# Lossless-Join Decomposition

In computer science the concept of a Lossless-Join Decomposition is central in removing redundancy safely from databases while preserving the original data.

## Lossless-join Decomposition

Can also be called Nonadditive.[citation needed] If you decompose a relation $R$ into relations $R_{1},R_{2}$ you will have a Lossless-Join if a natural join of the two smaller relations yields back the original relation, i .e.;

$R_{1}\bowtie R_{2}=R$ .

If $R$ is split into $R_{1}$ and $R_{2}$ , for this decomposition to be lossless then at least one of the two following criteria should be met.

### Check 1: Verify join explicitly

Projecting on $R_{1}$ and $R_{2}$ , and joining back, results in the relation you started with.

### Check 2: Via functional dependencies

Let $R$ be a relation schema.

Let F be a set of functional dependencies on $R$ .

Let $R_{1}$ and $R_{2}$ form a decomposition of $R$ .

The decomposition is a lossless-join decomposition of $R$ if at least one of the following functional dependencies are in F+ (where F+ stands for the closure for every attribute or attribute sets in F):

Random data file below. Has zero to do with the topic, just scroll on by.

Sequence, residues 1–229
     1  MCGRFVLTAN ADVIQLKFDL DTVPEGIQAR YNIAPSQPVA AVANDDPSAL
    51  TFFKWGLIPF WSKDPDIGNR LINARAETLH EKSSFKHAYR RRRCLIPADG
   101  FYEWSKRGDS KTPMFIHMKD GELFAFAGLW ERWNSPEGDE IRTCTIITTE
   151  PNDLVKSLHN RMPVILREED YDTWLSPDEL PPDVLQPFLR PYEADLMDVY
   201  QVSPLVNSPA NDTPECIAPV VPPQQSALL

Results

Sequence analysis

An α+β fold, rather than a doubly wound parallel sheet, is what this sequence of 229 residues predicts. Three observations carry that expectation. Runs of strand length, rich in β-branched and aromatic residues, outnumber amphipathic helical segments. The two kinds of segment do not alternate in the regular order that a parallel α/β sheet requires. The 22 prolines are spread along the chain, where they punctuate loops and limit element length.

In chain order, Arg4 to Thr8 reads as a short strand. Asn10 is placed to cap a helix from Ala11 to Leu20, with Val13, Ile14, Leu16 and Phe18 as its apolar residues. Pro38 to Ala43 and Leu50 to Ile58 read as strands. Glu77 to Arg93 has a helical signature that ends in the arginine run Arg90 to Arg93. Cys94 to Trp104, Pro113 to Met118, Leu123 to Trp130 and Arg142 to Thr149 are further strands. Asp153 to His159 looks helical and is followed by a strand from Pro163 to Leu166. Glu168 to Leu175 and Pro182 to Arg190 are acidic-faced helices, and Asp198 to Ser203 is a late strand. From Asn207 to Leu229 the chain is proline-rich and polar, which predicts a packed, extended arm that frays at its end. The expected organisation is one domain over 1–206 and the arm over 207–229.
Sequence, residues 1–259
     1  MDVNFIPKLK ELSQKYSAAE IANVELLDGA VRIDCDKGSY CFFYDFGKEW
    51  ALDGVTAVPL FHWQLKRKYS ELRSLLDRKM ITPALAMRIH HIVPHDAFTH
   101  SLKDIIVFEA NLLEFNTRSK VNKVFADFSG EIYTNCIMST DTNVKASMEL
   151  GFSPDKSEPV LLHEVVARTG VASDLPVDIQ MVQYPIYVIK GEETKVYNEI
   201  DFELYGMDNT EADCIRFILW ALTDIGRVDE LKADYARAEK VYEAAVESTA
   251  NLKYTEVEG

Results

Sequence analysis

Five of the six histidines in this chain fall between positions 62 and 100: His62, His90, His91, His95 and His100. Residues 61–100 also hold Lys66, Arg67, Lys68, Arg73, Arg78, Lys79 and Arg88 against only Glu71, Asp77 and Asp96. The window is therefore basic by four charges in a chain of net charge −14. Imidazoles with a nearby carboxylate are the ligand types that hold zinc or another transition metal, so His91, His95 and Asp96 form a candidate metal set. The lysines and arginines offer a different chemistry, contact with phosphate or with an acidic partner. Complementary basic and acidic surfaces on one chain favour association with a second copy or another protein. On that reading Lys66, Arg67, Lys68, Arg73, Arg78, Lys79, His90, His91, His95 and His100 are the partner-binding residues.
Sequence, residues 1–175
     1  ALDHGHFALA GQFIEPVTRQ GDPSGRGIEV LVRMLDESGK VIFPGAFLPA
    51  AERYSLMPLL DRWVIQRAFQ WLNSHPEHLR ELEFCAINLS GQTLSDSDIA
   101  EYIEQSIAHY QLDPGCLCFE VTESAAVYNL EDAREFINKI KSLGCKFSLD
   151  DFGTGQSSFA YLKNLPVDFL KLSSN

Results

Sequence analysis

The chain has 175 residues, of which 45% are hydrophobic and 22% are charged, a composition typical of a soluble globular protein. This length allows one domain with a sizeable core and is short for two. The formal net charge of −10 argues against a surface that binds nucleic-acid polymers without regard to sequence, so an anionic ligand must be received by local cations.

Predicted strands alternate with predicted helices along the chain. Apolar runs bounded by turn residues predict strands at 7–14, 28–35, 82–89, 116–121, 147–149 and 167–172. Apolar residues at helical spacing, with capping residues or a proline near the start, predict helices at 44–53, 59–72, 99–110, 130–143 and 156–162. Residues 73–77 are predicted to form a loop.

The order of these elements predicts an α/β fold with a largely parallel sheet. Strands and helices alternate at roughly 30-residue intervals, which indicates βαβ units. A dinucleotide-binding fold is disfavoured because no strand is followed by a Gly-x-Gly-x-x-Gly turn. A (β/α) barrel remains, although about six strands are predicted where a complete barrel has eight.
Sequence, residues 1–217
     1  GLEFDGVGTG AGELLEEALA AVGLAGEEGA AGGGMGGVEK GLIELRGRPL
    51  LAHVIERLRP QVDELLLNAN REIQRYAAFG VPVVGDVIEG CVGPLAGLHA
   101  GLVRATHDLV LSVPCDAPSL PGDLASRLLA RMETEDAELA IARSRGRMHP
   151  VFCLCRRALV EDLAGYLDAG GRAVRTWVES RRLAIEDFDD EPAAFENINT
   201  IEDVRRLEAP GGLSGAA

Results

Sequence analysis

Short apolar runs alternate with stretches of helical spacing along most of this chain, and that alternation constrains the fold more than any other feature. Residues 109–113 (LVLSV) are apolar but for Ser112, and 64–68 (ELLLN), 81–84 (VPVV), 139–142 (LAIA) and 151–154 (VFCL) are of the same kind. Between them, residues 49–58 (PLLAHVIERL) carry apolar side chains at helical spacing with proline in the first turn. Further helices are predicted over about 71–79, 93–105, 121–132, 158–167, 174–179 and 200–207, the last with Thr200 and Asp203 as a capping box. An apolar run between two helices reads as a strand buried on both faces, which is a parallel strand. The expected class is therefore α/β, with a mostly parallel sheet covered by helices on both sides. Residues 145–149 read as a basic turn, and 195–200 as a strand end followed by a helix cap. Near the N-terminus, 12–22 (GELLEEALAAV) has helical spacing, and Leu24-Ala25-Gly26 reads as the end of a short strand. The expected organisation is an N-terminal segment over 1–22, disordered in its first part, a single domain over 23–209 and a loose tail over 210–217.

• $R_{1}\cap R_{2}\rightarrow R_{1}$ • $R_{1}\cap R_{2}\rightarrow R_{2}$ ## Example

• Let $R=(A,B,C,D)$ be the relation schema, with A, B, C and D attributes.
• Let $F=\{A\rightarrow BC\}$ be the set of functional dependencies.
• Decomposition into $R_{1}=(A,B,C)$ and $R_{2}=(A,D)$ is lossless under F because $R_{1}\cap R_{2}=A)$ . A is a superkey in $R_{1}$ , meaning we have a functional dependency $\{A\rightarrow BC\}$ .  In other words, now we have proven that $(R_{1}\cap R_{2}\rightarrow R_{1})\in F^{+}$ .